Monday, 30 December 2013

Scientists Have Discovered A Drug That Blocks AIDS

Scientist at the Gladstone Institutes have
identified the precise chain of molecular events
in the human body that drives the death of most
of the immune system’s CD4 T cells as an HIV
infection leads to AIDS.
“Gladstone has showed how the body’s own
immune response to HIV causes CD4 T cell
death via a pathway triggering inflammation,
and secondly by identifying the host DNA
sensor that detects the viral DNA and triggers
this death response,” said Dr. Robert F.
Further, they have identified an existing anti-
inflammatory drug that in laboratory tests
blocks the death of these cells — and now are
planning a Phase 2 clinical trial to determine if
this drug or a similar drug can prevent HIV-
infected people from developing AIDS.
Two separate journal articles, published
simultaneously in Nature and Science, detail the
research from the laboratory of Dr. Warner C.
Greene, who directs virology and immunology
research at Gladstone, an independent
biomedical-research nonprofit.
His lab’s Science paper reveals how, during an
HIV infection, a protein known as IFI16 senses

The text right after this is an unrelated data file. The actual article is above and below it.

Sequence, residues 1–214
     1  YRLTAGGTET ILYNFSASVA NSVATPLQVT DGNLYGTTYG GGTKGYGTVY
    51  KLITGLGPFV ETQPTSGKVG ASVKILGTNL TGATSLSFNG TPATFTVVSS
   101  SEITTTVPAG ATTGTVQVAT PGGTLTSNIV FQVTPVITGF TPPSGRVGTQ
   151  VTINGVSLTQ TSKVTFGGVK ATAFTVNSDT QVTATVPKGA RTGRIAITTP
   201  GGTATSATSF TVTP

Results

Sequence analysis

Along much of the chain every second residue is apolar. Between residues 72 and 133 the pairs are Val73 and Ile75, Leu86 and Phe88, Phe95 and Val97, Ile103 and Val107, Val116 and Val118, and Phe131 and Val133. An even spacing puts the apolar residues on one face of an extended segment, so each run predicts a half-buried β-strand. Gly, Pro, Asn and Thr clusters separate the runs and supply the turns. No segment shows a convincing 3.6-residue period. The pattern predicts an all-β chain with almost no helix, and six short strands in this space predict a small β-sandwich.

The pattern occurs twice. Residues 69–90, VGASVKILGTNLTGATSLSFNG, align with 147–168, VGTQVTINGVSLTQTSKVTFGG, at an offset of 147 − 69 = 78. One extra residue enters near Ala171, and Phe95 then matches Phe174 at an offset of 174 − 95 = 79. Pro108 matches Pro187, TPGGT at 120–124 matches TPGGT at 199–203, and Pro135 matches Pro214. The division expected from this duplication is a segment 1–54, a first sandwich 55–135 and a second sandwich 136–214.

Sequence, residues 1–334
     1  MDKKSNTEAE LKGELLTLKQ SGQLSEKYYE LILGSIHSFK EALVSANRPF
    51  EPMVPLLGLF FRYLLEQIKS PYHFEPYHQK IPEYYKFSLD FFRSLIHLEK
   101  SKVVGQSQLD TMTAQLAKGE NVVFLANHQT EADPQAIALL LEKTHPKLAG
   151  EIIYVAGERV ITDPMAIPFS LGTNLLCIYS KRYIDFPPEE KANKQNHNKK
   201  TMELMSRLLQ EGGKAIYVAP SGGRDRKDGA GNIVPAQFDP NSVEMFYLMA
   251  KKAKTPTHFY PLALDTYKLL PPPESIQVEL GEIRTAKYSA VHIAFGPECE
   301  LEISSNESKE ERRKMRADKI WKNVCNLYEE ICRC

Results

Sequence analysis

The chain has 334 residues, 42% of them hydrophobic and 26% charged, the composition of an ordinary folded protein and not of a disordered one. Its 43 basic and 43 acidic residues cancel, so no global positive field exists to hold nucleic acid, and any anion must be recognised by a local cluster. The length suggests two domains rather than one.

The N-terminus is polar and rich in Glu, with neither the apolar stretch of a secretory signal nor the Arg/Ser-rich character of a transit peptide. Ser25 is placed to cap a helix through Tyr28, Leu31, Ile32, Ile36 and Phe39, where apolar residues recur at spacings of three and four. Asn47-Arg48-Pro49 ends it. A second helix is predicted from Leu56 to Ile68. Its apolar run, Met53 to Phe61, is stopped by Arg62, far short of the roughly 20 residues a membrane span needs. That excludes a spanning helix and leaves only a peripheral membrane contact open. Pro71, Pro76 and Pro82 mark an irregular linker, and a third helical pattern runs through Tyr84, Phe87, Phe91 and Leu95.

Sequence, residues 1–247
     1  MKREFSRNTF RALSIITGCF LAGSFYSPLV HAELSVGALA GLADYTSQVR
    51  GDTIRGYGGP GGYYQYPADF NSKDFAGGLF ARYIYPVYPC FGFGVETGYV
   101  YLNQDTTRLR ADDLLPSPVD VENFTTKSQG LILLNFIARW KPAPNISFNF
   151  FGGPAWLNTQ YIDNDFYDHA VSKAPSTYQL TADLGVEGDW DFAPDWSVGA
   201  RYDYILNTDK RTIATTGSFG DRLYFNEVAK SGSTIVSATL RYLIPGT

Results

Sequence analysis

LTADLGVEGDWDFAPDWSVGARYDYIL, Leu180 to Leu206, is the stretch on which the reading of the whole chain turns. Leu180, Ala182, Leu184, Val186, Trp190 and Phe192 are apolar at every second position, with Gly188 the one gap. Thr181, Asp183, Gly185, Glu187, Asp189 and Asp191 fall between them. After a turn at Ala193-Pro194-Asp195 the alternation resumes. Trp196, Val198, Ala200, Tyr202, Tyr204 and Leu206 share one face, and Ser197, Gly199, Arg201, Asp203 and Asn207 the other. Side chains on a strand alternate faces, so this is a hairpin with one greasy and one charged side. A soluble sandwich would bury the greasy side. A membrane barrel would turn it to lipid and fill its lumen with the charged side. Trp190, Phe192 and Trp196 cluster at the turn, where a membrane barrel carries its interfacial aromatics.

fragments of HIV DNA in abortively infected
immune cells. This triggers the activation of the
human enzyme caspase-1 and leads to
pyroptosis, a fiery and highly inflammatory form
of cell death.
As revealed in Nature, this repetitive cycle of
abortive infection, cell death, inflammation and
recruitment of additional CD4 T cells to the
infection “hot zone” ultimately destroys the
immune system and causes AIDS.
Siliciano, a professor of medicine at Johns
Hopkins University, and a Howard Hughes
Medical Institute investigator. “This one-two
punch of discoveries underscores the critical
value of basic science — by uncovering the
major cause of CD4 T cell depletion in AIDS, Dr.
Greene’s lab has been able to identify a potential
new therapy for blocking the disease’s
progression and improving on current
antiretroviral medications.”

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